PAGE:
Preemptive action against inflation

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Preemptive action against inflation

 Inflation is quickly up in contrast to a year ago, when there were concerns about deflation. The consumer price index in April gained 2.3 percent from a year ago, the strongest since August 2017. The number exceeds the Bank of Korea’s mid- to long-term target of 2 percent. Inflation not just pains households due to higher living costs, but also can bring about a rate hike that could unsettle the country’s colossal private debt load.

Household debt that exceeded 1,000 trillion won ($889 billion) in 2011 has nearly doubled in just a decade. Of bank household loans, 70 percent has been lent on floating rates. Indebted households would have to pay more interest if rates go higher. Liquidity has become lush since the policy rate came down to 0.5 percent in May last year after back-to-back cuts of 75 basis points from 1.25 percent amid the spread of Covid-19.

Young people have turned to borrowing to buy houses, stocks and cryptocurrency. If stocks or digital coins tumble, they could cause major social problem. The monetary policy board of the Bank of Korea (BOK) said that economic players should be cautious and ready against “vulnerability of rates going higher.”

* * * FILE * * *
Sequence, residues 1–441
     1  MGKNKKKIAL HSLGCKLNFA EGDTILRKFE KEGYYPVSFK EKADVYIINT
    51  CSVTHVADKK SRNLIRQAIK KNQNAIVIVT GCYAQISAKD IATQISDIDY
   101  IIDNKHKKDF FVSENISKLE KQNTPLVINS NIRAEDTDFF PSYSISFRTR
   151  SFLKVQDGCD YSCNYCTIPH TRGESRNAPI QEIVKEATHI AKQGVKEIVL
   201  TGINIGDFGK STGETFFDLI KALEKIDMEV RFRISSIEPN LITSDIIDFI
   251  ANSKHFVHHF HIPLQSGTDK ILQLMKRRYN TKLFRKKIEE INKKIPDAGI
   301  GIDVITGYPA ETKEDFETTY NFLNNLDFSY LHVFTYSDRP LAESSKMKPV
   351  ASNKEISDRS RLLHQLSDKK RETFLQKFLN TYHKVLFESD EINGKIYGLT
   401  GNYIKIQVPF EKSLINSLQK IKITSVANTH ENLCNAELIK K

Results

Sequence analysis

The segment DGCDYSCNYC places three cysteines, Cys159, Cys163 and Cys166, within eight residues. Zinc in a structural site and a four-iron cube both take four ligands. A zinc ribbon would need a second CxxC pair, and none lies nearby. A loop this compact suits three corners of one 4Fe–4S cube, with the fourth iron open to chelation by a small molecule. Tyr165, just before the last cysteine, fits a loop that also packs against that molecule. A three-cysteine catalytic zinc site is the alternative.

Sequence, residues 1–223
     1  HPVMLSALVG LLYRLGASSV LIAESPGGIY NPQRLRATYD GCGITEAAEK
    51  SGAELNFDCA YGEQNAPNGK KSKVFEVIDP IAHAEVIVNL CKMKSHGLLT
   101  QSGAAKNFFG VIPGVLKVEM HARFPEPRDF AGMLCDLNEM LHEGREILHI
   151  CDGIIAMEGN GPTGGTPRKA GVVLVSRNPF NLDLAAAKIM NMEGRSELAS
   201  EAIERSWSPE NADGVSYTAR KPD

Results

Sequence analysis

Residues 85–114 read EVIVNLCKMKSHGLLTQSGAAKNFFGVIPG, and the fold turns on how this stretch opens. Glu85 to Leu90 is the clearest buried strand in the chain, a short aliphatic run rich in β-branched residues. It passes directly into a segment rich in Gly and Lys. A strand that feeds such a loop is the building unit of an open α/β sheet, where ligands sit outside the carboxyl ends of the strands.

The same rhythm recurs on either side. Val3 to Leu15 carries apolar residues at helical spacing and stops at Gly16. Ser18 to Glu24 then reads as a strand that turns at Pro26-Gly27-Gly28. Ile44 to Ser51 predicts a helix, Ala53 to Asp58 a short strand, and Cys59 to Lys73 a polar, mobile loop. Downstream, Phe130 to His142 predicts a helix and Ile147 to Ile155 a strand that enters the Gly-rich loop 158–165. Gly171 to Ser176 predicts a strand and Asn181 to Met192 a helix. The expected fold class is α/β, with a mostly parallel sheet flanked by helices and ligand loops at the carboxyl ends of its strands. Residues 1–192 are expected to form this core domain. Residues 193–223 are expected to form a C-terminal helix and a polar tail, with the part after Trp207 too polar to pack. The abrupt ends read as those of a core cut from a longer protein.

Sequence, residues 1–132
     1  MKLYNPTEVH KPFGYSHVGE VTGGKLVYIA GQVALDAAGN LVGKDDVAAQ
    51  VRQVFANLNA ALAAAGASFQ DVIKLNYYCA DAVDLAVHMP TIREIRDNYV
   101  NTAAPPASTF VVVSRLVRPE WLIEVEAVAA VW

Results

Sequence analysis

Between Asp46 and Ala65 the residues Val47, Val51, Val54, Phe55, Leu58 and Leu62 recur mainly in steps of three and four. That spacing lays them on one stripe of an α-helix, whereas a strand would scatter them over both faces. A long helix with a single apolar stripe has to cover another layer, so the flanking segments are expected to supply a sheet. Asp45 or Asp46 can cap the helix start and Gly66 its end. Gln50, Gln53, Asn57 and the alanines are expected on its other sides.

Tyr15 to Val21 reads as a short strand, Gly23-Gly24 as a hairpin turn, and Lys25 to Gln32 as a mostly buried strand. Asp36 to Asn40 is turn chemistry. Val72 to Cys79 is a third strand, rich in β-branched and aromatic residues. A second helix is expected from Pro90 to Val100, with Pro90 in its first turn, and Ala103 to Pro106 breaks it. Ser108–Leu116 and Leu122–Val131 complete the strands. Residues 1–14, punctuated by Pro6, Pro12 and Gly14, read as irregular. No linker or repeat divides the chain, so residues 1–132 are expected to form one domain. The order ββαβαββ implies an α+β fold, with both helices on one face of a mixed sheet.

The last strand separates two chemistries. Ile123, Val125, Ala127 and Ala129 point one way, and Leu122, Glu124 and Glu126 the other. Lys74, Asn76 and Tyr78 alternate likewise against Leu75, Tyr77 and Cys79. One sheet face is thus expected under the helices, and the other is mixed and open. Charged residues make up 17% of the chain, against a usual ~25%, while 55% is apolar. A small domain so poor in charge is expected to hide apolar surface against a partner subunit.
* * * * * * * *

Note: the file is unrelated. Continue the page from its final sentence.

But the government is laidback. It claims the first-half inflationary acceleration is only “temporary” as the figure just looks high due to the nearly zero percent increase in the year-ago period amid the outbreak of Covid-19. Even considering the base effect, the jump in prices has been too big. On top of strong farm, fishery and livestock prices, commodity prices, including crude oil, doubled against a year-ago. Inflation could speed up when economic recovery is coupled with pent-up spending.

BOK chief Lee Ju-yeol maintained that the bank would hold up its accommodative rate policy despite improving signs in the Korean economy. U.S. Treasury Secretary and former Fed chief Janet Yellen said that interest rates may have to rise “somewhat” to keep the economy from overheating, while adding that she was not “predicting or recommending” rate increases.

Fixing interest rates is a decision that falls entirely under the Federal Reserve. But many experts believe she was sending a warning message of conditions for a tightening environment as the U.S. economy is estimated to grow 7 percent this year amid rapid vaccination. Instead of sticking to the theoretical perspective, our financial authorities must keep close tabs on price movements and act preemptively against inflationary dangers.
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